Development of urinary concentrating capacity in weaning rats

Pediatr Res. 1985 May;19(5):472-5. doi: 10.1203/00006450-198505000-00013.


This study describes the development of the capacity to concentrate urine in 10- to 40-day-old rats that were normally weaned between 16 and 18 days, breast-fed until day 20, or abruptly weaned on day 16. Urine osmolarity after 24 h dehydration was significantly lower in 10- than in 20- and in 20- than in 40-day-old rats. The most pronounced increase occurred between 16 and 20 days in the three groups. The increase in urine osmolality was paralleled by an increase of papillary Na and urea concentrations. The length of the papilla increased linearly from day 10 to 40. Serum arginine vasopressin levels were not significantly different in dehydrated 10- and 20-day-old rats. Serum corticosterone increased significantly between 10 and 20 days of age in both normally weaned and breast-fed rats. The rise was accelerated between days 16 and 18 and paralleled the rise in urinary concentrating capacity. Adrenalectomy on day 16 abolished the increases in urine osmolality and papillary Na and urea concentrations, but not the growth of the papilla between days 16 and 20. The urinary concentrating capacity could be precociously induced by treatment with betamethasone from day 10 to 17 but not from day 17 to 20. Our results indicate that the accelerated development of urine concentrating capacity at the time of weaning is independent of dietary composition and most likely modulated by glucocorticoid hormones.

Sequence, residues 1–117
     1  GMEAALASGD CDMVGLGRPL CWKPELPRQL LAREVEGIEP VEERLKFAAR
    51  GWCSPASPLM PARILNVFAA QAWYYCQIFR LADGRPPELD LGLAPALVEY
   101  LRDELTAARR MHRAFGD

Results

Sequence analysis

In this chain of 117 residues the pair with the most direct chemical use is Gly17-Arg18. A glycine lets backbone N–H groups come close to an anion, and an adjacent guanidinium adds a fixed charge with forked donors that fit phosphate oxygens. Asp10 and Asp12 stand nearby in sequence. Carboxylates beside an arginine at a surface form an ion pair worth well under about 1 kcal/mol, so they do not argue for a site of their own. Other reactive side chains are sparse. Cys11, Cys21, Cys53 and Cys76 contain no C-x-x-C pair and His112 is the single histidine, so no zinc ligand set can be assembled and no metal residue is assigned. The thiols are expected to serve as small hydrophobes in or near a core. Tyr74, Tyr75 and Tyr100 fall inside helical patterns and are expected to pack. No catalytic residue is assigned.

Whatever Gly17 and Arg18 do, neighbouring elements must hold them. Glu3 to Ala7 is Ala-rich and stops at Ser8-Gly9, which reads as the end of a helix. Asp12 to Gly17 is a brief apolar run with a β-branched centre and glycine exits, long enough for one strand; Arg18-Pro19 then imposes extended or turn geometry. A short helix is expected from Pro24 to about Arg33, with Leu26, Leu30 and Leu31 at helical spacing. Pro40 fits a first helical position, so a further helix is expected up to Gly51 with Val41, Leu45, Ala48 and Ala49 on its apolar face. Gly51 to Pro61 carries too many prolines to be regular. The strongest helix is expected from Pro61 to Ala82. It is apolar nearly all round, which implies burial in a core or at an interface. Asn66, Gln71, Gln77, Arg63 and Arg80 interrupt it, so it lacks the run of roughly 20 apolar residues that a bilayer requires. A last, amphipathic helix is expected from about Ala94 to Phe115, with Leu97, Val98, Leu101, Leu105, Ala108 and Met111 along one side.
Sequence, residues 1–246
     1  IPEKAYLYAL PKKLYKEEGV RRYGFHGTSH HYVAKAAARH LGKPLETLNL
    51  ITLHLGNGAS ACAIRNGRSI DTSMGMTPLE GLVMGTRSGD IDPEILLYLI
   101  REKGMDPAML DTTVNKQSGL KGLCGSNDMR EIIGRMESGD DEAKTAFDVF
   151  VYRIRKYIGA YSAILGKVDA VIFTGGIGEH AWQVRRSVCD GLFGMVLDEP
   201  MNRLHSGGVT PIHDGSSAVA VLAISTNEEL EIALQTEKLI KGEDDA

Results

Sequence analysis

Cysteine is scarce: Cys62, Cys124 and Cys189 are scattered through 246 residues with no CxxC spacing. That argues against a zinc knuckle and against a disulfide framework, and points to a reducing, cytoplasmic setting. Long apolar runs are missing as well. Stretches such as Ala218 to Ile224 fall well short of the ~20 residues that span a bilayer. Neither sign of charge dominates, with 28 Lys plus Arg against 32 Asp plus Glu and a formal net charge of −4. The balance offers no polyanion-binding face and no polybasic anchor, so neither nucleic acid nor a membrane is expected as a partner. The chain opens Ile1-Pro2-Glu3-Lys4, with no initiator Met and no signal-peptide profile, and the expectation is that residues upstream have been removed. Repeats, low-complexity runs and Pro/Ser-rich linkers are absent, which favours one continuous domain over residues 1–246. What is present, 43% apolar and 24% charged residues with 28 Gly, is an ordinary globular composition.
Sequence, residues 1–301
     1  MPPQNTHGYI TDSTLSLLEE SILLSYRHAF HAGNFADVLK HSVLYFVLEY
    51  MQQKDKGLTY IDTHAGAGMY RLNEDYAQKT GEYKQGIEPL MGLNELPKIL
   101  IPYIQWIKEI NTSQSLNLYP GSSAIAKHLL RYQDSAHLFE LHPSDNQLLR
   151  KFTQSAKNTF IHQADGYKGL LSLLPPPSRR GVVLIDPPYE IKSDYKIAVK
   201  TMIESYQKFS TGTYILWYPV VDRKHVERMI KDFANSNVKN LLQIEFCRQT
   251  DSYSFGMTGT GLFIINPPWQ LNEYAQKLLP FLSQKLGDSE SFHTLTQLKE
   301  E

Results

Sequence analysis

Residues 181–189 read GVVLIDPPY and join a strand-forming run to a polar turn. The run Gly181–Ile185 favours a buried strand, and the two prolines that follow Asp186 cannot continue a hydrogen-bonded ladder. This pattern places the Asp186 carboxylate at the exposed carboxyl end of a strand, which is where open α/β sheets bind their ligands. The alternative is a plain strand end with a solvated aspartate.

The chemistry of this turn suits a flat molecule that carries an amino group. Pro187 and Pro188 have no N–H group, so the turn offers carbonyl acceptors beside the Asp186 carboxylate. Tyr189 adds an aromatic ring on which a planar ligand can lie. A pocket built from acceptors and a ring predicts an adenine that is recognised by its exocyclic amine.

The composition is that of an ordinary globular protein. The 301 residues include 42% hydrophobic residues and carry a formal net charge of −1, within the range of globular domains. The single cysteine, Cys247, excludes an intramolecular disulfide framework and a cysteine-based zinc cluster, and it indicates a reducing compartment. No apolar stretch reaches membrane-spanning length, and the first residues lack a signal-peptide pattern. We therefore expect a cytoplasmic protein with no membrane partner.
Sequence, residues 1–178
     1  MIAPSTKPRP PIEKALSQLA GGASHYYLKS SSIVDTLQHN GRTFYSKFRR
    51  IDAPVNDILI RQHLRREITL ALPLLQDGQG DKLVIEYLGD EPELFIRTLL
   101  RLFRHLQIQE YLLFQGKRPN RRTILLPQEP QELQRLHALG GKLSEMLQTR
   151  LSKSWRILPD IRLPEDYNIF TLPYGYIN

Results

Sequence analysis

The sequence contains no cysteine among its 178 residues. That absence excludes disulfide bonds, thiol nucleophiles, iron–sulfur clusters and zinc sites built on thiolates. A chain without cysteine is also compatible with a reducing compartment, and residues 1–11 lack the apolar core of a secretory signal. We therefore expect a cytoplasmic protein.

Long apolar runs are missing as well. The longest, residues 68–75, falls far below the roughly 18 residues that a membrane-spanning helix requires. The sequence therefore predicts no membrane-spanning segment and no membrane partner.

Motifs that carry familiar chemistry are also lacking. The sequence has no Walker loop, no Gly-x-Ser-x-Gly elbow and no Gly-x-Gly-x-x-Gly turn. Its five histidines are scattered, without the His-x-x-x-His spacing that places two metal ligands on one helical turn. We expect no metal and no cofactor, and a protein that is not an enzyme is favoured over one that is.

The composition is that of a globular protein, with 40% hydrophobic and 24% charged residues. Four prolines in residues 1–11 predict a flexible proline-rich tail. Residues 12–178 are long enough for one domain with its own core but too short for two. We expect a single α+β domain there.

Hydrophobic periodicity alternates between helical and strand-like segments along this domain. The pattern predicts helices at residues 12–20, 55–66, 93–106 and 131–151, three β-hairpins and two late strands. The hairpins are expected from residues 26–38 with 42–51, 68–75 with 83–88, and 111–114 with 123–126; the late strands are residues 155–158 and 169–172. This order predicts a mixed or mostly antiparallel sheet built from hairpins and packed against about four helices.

Publication types

  • Comparative Study
  • Research Support, Non-U.S. Gov't

MeSH terms

  • Adrenalectomy
  • Animals
  • Animals, Newborn
  • Arginine Vasopressin / blood
  • Betamethasone / pharmacology
  • Corticosterone / blood
  • Kidney Concentrating Ability* / drug effects
  • Kidney Medulla / analysis
  • Male
  • Osmolar Concentration
  • Rats
  • Rats, Inbred Strains
  • Sodium / analysis
  • Urea / analysis
  • Weaning*


  • Arginine Vasopressin
  • Urea
  • Betamethasone
  • Sodium
  • Corticosterone